I opted for the slower country roads as I made my way back from a neighbouring community. Had I taken the freeway, the drive would take approximately one and a half hours.
As I made my way along roads that bordered large fields of crops and stands of trees, daylight suddenly surrendered to darkness. It was as if someone had hastily pulled down the blinds on the day. Apart from the lights coming from the odd house or farmyard, it was as dark as could be on this clear, star-sprinkled night.
I felt cosy and cocooned in my car. The dog was in the back seat, occasionally snuffling while snoring. The radio was attuned to a light jazz station, which quietly provided accompaniment to the sound of the tires on the pavement.
As the kilometers rolled on, I was thoroughly enjoying this slower-paced drive. I realized that it's been far too long since I've used my high beam headlights - they're not called for when driving in the city nor are they recommended for zooming along traffic-filled freeways.
That drive reminded me of road trips, adventures and the joys of driving. It illuminated memories of my hometown - a much smaller city in North-Western Ontario, where life was quieter. Where nature reigned.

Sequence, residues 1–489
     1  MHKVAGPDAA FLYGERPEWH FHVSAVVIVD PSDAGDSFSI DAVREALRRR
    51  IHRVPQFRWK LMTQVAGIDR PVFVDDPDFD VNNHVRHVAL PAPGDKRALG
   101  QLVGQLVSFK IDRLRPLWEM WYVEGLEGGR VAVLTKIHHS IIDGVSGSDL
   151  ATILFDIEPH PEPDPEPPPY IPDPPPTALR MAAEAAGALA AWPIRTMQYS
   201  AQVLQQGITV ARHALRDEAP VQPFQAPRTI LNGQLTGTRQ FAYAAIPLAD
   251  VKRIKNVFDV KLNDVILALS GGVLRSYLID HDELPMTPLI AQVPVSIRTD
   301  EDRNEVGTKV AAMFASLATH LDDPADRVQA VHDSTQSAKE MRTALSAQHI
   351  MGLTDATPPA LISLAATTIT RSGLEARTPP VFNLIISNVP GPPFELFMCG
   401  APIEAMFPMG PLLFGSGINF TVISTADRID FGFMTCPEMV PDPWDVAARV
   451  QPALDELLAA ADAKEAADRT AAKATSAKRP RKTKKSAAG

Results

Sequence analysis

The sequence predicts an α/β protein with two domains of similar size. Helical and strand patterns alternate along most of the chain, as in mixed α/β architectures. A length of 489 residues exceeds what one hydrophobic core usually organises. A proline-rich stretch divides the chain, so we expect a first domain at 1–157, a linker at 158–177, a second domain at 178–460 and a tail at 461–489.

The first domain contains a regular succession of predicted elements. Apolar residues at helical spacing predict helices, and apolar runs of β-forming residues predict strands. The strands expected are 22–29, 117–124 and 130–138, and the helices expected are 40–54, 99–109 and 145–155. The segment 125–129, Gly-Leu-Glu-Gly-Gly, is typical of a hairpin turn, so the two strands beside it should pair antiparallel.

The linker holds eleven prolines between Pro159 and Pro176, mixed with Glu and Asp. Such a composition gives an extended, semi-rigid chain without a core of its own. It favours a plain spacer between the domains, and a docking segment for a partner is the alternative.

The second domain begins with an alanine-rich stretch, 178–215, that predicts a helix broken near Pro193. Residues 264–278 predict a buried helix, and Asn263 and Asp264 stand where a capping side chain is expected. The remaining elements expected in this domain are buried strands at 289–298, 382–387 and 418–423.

When you engage in activities you love or recall how you felt while you sift through your cherished memories, you have the beginning ingredients to concoct a powerful auntie-dote for stress. You feel it in your heart. With practice, you are able to change the signals that go to your brain - from jagged to smooth. From stress to progress, desperation to inspiration.
Learn techniques and develop skills that allow you to shine a light on the ordinary, as well as the extraordinary. Light up and glow and grow from the inside. See more of what you want to see. Remember that stress can dim your ability to see options and solutions.
What I lost in time on that slower-paced country drive, I gained in health and well-being. I increased my resilience - the equivalent of refilling my fuel tank.
What are your high beams illuminating?